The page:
These are artifacts representing religious subjects made of elephant ivory. The cost of goods for sale ranged from 400 to 40,000 euro, for a total value of more than 150 thousand euro
29 Oct 2012. Rome. Statuettes and other precious ivory objects of a religious nature, beautifully sculpted by hand, were seized by agents of the CITES Service of the Central State Forestry Corps of Rome, in an important gallery in Rome at the Vatican Walls.
Here’s some news from CatholicOnline, “How pious Catholics finance African wars.” An excerpt:
….Without realizing it, many Christians, particularly Catholics in Africa and Asia, are praying for peace, praying for the environment, praying for so many good things-all while reflecting on the beauty of an ivory icon, poached from an endangered animal. All the while, money spent to purchase the icon continues to fuel conflict in Africa. more…
With all of the opportunity for good Blood Ivory represents for people in Africa (and the Philippines), not to mention for elephants, it is disconcerting that the archbishop of Cebu believes that my exposing the ivory trade results from anti-church “bias.”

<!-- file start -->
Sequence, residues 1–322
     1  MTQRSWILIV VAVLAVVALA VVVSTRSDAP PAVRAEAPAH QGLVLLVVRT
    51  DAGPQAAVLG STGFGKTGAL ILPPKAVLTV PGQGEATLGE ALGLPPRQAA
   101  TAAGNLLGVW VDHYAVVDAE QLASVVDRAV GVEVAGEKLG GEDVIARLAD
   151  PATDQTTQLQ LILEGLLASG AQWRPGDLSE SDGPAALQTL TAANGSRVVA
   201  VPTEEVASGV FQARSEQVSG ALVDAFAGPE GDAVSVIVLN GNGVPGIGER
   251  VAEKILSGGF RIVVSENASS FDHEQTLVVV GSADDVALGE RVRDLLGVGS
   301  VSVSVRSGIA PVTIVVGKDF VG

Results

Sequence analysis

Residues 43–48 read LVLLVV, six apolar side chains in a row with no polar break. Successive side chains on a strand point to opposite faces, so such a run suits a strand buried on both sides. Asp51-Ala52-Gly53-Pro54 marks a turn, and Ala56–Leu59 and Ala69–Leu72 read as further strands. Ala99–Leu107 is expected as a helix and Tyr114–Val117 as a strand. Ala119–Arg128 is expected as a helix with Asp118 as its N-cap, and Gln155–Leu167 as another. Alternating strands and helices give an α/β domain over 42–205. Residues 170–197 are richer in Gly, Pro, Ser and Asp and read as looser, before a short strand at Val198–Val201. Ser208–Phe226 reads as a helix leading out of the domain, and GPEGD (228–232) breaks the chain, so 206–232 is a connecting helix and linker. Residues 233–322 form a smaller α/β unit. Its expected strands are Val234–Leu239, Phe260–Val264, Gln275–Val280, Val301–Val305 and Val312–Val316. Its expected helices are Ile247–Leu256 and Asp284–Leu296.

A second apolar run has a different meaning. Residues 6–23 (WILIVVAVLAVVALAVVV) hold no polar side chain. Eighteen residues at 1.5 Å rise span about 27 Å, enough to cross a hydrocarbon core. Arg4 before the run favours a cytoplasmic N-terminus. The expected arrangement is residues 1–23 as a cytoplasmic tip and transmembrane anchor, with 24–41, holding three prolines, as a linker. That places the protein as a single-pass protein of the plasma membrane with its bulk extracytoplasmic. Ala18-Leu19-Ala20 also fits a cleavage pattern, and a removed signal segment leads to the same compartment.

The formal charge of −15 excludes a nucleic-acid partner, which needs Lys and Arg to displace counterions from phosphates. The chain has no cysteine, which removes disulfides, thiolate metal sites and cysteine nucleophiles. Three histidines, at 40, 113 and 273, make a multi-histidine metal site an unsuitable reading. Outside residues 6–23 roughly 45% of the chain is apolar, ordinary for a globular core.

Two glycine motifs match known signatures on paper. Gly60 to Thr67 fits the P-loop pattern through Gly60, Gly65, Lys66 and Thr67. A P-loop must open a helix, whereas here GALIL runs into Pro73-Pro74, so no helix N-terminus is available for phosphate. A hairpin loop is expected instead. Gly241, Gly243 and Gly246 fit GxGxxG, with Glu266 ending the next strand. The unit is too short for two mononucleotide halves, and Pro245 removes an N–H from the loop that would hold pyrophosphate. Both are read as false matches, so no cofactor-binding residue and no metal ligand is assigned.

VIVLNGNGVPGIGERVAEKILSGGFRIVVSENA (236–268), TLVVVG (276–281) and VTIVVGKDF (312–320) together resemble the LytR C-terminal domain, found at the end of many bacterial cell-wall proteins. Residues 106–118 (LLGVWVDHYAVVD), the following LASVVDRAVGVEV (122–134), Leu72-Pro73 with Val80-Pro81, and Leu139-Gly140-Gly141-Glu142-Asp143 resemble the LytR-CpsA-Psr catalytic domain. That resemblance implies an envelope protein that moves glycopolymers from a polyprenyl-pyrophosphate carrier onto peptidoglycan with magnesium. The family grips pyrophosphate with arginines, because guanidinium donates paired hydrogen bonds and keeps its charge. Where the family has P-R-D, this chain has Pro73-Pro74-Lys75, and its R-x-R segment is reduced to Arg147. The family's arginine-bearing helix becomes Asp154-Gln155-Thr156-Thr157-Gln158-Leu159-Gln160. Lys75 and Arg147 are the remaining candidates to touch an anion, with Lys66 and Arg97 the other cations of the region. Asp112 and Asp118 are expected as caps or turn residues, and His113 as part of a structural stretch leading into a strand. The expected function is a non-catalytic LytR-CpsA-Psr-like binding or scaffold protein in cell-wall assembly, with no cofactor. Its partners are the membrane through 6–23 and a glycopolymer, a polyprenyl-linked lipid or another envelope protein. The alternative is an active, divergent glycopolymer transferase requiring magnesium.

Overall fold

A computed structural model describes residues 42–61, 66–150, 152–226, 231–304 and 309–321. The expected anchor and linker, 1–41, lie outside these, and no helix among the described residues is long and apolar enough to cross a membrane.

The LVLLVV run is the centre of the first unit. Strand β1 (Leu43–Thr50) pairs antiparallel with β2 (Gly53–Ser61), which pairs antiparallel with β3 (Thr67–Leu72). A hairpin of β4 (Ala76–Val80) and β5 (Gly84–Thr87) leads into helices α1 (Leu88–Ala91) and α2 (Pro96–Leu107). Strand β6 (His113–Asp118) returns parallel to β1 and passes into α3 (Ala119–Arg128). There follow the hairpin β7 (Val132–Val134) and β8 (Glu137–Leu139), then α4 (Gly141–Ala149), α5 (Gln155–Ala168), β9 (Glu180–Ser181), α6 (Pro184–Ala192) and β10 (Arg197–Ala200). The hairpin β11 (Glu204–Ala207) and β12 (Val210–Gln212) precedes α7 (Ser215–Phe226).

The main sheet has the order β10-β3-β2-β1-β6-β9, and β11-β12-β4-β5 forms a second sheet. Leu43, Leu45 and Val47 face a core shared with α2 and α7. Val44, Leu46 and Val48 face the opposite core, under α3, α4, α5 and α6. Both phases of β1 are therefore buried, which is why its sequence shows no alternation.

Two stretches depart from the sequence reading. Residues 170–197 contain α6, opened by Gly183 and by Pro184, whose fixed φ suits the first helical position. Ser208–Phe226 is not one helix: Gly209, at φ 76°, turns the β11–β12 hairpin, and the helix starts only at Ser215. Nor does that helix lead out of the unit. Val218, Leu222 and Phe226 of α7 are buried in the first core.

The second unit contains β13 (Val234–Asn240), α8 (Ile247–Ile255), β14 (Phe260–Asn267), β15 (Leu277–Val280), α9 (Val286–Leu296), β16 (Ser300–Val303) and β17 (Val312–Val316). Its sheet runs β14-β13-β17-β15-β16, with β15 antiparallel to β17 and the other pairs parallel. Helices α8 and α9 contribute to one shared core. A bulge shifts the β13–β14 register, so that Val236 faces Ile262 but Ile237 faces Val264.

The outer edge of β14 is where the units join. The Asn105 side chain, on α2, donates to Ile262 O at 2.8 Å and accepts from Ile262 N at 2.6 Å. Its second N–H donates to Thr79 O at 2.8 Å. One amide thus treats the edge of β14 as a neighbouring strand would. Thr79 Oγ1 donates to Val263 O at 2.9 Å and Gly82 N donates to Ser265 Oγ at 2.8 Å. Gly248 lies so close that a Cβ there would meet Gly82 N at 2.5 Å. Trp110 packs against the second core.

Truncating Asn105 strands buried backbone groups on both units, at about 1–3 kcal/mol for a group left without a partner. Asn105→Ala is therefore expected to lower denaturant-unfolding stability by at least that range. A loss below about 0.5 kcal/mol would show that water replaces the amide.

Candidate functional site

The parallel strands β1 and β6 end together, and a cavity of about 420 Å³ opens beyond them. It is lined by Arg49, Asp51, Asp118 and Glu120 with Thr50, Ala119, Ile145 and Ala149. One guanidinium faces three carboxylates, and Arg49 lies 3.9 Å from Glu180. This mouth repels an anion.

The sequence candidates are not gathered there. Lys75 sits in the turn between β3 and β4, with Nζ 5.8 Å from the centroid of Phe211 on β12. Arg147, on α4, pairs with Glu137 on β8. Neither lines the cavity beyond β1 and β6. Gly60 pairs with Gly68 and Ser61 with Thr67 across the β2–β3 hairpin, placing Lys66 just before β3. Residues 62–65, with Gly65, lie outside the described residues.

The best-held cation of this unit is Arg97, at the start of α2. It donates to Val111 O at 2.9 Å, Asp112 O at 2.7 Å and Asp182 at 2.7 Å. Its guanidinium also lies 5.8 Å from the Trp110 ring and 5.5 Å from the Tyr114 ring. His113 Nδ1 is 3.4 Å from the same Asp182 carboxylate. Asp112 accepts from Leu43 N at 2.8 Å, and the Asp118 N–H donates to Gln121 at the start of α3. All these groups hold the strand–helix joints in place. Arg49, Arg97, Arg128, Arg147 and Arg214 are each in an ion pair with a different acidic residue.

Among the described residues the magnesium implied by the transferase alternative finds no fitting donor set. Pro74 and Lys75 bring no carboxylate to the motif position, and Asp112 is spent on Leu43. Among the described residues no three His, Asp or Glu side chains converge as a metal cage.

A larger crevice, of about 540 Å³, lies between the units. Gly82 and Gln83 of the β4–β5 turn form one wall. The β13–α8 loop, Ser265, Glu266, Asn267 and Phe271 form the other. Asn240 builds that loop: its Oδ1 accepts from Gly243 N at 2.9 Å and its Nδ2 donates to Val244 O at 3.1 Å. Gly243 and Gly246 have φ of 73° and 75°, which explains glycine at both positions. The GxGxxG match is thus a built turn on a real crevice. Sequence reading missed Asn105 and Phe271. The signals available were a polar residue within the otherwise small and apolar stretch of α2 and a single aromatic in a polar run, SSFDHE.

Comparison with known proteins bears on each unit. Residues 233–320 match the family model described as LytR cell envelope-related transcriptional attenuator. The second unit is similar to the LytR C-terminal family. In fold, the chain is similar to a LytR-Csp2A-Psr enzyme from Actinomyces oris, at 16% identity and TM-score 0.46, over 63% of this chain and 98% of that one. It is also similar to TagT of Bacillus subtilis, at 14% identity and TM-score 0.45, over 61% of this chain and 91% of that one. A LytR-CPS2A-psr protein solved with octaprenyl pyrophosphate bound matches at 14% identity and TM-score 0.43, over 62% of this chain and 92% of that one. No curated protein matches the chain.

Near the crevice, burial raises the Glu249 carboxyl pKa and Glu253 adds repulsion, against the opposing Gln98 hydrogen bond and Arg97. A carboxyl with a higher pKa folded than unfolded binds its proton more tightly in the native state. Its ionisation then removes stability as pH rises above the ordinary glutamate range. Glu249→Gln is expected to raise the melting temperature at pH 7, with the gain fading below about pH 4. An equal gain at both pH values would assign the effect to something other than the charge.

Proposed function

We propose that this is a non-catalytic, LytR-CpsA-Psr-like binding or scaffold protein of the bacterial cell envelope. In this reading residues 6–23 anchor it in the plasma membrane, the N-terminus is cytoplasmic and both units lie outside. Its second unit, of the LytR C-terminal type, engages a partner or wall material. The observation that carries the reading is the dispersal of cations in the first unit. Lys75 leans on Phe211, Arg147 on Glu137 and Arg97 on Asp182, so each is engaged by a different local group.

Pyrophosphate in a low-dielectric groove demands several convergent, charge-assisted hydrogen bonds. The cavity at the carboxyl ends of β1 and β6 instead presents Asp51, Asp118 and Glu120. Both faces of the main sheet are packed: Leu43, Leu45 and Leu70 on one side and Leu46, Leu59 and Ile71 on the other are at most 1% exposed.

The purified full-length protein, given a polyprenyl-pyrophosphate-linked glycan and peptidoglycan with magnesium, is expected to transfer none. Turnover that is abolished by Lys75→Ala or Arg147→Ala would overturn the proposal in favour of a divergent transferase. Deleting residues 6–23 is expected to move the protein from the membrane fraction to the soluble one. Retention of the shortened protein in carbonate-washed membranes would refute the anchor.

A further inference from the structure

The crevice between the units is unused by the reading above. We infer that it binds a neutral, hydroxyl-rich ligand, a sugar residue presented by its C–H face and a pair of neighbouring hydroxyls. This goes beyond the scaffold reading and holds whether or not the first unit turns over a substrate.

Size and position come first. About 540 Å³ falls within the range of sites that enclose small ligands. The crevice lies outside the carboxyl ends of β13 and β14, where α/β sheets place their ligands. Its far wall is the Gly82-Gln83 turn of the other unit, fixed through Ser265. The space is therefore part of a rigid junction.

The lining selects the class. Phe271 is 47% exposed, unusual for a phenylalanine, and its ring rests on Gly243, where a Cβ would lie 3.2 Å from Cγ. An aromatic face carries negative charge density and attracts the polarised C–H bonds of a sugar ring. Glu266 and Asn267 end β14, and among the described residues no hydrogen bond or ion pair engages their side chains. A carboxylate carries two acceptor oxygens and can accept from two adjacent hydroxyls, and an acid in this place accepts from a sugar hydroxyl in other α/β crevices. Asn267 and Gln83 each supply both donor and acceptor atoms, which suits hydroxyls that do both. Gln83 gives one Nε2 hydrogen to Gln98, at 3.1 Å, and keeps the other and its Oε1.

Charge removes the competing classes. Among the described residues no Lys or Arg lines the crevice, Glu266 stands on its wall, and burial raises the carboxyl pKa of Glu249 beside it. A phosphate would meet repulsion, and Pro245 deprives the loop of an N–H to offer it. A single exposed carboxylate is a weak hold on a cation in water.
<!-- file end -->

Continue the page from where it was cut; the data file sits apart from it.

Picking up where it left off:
The Archbishop would appear to want things both ways: He wants to take credit for the Vatican’s finally investigating Monsignor Garcia on child sex abuse charges the Church has known about for a quarter century (hilighted in Blood Ivory), while assessing blame on Blood Ivory’s report about Catholics’ role in the global ivory trade. Both are facts worthy of positive leadership. The treatment of children has been such a hard-learned lesson for the Church I grew up in, can it be true the Church will miss the same lesson when it comes to animals and the people who protect them?